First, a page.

The other three directives enable you to put constants in your program as decimal (DEC), octal (OCT), and hexadecimal (HEX) numbers.  These constants must be valid for the radix stated in the directive.  For example, the statement, OCT 0900, will give you an error.


Recall that MARIE's word size is 16 bits, and all constants are assumed to be signed numbers.  Therefore, the valid range of decimal constants is decimal –32,768 to 32,767 (8000h to 7FFFh).




As you learned in Chapter 4, all MARIE operands are addresses.  If you use address literals in your program, the valid values are 000h through FFFh, since MARIE has 4096 memory locations.  These addresses must be given in hexadecimal, preceded by a zero.  So, if you wish to add the value at address F00 to the accumulator, you would use the instruction, ADD 0F00.   If you instead use the instruction, ADD F00, the assembler will expect to find the label F00 somewhere in your program.  Unless you have such an address in your program, the assembler will give you an error.


You may prefer to use a symbolic labels instead of address literals.  MARIE's labels are case sensitive and can be of virtually any length (up to the limits placed on string variables by the Java language).  Be advised, however, that only the first 24 characters of the symbol will print on the assembly listing and only the first 7 characters will be visible in MARIESim's program monitor panel. 


Code Construction


Assembly language source code files can be of any size, but you can have only as many program statements as will fit in the MARIE memory.  The program statement count does not include comments or blank lines.  We encourage you to use comments and blank lines to make your code understandable to humans as well as the machine.


The only other restriction on your code is that it can begin with only the following types of statements:

1.   A comment followed by an origination directive and at least one imperative statement

2.   An origination directive and at least one imperative statement, or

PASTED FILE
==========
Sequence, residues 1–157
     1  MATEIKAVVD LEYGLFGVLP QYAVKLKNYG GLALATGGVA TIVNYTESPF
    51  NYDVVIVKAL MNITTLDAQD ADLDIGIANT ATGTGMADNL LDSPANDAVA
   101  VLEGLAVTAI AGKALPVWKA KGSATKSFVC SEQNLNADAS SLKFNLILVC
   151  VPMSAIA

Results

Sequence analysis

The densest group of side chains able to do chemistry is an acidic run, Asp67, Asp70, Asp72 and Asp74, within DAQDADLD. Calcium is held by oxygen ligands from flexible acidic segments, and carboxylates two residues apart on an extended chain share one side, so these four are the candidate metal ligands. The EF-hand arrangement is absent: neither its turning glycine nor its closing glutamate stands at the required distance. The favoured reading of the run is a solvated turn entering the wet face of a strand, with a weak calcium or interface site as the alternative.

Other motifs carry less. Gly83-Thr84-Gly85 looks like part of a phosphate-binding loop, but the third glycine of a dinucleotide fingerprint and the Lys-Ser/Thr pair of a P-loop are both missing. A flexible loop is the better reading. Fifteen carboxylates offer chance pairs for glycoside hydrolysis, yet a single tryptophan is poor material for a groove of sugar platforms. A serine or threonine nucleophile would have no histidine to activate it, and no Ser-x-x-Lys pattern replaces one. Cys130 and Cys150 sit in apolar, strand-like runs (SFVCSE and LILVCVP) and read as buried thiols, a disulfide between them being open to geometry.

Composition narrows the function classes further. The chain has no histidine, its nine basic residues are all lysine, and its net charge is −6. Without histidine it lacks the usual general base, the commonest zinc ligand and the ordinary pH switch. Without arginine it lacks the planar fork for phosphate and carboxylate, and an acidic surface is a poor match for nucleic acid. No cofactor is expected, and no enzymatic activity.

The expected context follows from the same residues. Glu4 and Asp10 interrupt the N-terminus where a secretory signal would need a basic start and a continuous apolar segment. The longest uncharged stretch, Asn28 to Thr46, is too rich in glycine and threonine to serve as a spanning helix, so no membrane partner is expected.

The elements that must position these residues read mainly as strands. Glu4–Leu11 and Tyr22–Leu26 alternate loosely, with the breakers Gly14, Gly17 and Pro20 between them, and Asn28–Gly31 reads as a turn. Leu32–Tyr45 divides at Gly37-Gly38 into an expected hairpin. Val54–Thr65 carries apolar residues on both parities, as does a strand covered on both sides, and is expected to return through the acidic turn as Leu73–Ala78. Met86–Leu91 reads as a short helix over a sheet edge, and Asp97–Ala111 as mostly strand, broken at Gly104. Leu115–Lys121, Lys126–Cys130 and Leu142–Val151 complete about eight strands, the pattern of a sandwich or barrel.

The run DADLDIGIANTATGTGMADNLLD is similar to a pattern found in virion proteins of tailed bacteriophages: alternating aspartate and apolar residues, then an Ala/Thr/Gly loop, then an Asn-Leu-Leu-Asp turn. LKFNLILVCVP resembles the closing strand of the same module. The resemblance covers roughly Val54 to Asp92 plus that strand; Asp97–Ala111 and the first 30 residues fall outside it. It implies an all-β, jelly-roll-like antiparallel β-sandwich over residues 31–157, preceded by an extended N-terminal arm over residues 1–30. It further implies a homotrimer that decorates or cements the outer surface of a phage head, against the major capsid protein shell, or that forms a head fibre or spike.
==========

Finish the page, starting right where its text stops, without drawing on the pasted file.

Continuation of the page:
3.   At least one imperative statement.


In other words, your program cannot begin with a DEC, OCT or HEX directive.  If it does, neither the assembler nor the simulator will care, but the literal values defined by those directives will be interpreted as instructions by the machine, giving you results that you may not have expected.


A similar problem will arise if you fail to include a HALT statement in your program, or your HALT statement does not execute, and the program counter ends up pointing to data.  (How will the machine react if it tries to execute the statement HEX 0000?  What about HEX 0700?)


A Summary of File Types


Throughout this guide, we have mentioned the various file types that MarieSim uses for various functions.  For your reference, we have included a summary of these file types in the table below.




Created by
Used by


Assembly code source

plain text

MarieEditor, or

any plain text editor

MarieEditor and Assembler


Assembly listing file

plain text


MarieEditor (TextFileViewer)


Symbol table

plain text





Executable code

serialized Java object




Core dump

plain text






Comments, Bugs, and Suggestions


The authors of your text and this simulator invite you to send us comments and suggestions.  We would also like to correct any bugs that you find. You may send your findings and observations to: ECOA@jbpub.com


If you are reporting a bug, please supply as much information as you can with regard to what the simulator was doing when the problem occurred.  Also, attach the .mas file, if the error occurred during program execution.  Your comments will enable us to improve this simulator so that all students can have a positive learning experience.